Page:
Bonds Formed in Infancy Have a Tremendous Impact
Ask the Experts by Evon N. Foster, LMSW, IMH-E®
Q: Is a healthy attachment relationship necessary for the development of infant/toddlers?
A: Optimal development (physical, cognitive, social and emotional) of infants/and toddlers through nurturing, protective, secure and stable relationships with parents promotes readiness to learn.
You may wonder how? Parental nurturing styles and response to young children is impacted by life stressors, lack of support, parent’s history, mental illness and substance abuse. Without a secure relationship, children can become insecure, anxious and disorganized. These are children who become an overwhelming part of the mental health and juvenile system.
Children who have been exposed to unhealthy attachments during the first three years of life present with symptoms of depression, hyper-vigilant, inability to relate to others, are confused, distrustful, insensitive and emotionally unavailable. John Bowlby describes attachment as an emotional bond. He believes that the earliest bonds formed in children with their parents have a tremendous impact that continues throughout life. Parents who are available and responsive to their child allow them to develop a sense of security. This creates a secure base for the child to explore the world.
Early intervention for parents and young children with multiple risks such as poverty, domestic violence, neglect, abuse, trauma, mental illness and substance is critical. Northeast Guidance Center provides Infant and Early Childhood mental health services for parents and children, as well as pregnant women, to develop healthy relationships with their infants/toddlers. Infant Mental Health includes homebased services to pregnant women and children 0-3 years. Early Childhood Mental includes home-based, school observations and office visits for children 4-6 years.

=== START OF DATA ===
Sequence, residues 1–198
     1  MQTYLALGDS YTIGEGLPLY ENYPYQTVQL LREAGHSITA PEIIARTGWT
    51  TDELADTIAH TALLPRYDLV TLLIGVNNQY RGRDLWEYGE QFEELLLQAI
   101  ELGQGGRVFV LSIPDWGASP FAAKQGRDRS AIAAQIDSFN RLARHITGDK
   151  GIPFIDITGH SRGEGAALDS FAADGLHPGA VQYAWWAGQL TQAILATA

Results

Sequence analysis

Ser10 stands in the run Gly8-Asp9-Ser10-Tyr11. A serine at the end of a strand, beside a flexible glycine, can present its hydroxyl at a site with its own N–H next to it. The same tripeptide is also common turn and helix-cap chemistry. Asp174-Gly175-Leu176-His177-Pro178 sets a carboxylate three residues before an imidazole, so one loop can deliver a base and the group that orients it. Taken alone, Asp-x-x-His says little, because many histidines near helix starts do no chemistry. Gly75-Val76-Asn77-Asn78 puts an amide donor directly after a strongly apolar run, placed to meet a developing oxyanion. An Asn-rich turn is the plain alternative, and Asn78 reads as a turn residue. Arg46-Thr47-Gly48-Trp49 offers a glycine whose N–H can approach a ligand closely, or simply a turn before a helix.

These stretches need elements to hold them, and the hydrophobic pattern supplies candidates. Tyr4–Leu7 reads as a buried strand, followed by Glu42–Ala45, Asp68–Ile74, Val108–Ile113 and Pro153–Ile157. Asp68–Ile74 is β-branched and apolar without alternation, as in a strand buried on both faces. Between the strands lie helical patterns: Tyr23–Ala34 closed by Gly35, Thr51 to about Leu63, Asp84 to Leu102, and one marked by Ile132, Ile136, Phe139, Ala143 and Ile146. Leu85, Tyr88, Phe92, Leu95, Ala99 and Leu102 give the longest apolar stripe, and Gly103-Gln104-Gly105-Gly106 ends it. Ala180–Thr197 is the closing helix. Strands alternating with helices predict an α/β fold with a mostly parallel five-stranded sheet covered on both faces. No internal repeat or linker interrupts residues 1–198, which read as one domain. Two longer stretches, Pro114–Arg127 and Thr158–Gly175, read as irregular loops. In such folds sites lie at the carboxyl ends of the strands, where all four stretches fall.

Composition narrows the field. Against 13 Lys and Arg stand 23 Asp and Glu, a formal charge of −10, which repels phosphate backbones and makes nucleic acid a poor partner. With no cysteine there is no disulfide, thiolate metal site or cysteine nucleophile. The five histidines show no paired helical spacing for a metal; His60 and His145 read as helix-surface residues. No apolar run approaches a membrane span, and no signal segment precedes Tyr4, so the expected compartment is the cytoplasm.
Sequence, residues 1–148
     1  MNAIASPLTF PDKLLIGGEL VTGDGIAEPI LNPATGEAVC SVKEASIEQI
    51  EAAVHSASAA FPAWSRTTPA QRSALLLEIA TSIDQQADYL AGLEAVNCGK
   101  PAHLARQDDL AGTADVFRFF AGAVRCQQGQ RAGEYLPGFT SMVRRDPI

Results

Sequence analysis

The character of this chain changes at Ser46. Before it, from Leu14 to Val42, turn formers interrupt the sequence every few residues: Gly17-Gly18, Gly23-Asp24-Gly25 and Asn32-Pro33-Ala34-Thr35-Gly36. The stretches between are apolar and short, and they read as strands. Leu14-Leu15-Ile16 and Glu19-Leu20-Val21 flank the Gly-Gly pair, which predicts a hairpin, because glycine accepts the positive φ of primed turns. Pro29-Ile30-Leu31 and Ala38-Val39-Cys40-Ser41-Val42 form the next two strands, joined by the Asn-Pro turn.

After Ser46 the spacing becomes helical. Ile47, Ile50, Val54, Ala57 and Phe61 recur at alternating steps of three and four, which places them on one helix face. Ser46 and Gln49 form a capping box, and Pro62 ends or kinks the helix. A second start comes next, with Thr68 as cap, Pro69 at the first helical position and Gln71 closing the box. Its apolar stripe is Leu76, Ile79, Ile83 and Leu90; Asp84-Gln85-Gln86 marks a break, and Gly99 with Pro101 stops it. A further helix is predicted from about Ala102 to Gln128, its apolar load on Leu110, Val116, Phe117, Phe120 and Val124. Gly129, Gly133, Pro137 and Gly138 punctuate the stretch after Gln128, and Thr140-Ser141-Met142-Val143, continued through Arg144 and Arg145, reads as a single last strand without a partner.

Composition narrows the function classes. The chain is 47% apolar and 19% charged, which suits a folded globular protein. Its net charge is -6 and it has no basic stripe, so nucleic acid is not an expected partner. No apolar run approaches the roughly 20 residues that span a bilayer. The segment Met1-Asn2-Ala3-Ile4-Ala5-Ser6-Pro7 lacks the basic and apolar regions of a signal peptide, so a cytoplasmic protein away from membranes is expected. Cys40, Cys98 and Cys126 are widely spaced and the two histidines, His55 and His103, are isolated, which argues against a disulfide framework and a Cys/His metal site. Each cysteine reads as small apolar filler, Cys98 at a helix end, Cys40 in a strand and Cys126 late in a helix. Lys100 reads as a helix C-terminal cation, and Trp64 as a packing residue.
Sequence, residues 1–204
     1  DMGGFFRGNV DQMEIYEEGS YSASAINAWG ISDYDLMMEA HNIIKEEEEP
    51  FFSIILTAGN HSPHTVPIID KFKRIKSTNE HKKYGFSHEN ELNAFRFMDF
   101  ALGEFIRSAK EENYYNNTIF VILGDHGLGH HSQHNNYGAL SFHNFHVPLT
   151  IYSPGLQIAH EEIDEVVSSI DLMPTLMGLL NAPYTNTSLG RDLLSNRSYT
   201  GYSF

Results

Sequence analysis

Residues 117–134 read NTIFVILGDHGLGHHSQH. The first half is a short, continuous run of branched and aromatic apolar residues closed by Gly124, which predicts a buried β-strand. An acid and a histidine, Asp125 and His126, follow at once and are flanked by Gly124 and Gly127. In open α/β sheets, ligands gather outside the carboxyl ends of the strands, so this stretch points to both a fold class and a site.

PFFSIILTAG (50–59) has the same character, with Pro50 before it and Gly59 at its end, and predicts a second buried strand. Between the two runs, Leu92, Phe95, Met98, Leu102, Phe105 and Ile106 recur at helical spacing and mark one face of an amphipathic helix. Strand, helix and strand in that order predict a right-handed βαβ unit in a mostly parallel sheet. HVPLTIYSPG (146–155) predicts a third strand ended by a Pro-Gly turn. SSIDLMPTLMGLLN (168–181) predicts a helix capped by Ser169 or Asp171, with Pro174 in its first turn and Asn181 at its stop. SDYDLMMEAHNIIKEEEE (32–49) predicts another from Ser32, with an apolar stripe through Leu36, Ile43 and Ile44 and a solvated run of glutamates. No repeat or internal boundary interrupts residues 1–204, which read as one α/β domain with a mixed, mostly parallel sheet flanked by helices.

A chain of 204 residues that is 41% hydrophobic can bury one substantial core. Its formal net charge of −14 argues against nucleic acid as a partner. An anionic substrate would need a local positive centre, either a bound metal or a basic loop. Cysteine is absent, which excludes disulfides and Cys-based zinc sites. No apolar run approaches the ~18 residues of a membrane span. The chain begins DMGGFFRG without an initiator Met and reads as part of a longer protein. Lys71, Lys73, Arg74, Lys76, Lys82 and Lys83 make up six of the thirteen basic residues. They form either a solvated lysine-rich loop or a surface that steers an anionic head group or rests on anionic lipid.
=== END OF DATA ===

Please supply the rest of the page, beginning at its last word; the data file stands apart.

Infant Mental Health services pay attention to the social-emotional development of infants and toddlers. Infant Mental Health services incorporate a relationship perspective that is nurturing, supportive and protective. If you want to learn more about Infant Mental Health services and how it can benefit at-risk infant/toddlers, check out MI-AIMH.org or contact Northeast Guidance Center’s ACCESS department to inquire about our Infant and Early Childhood Mental health program at 877-242-4120 or www.neguidance.org.
Evon Foster is Supervisor of Infant and Early Childhood Mental Health (IECMH) program at Northeast Guidance Center, Detroit. Mrs. Foster earned her MSW degree from Wayne State University (2003), BA Sociology Degree at University of Detroit Mercy (1994) and is endorsed as an Infant Mental Health Family Specialist (2014) currently serving as President of MI-AIMH Detroit Chapter.
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The Family Center is a nonprofit organization that provides resources and preventative education to empower families to successfully navigate life’s social, emotional and physical challenges. The Family Center is completely supported by community donations. To learn more, visit familycenterweb.org, call 313.447.1374 or email firstname.lastname@example.org.
Written March 2019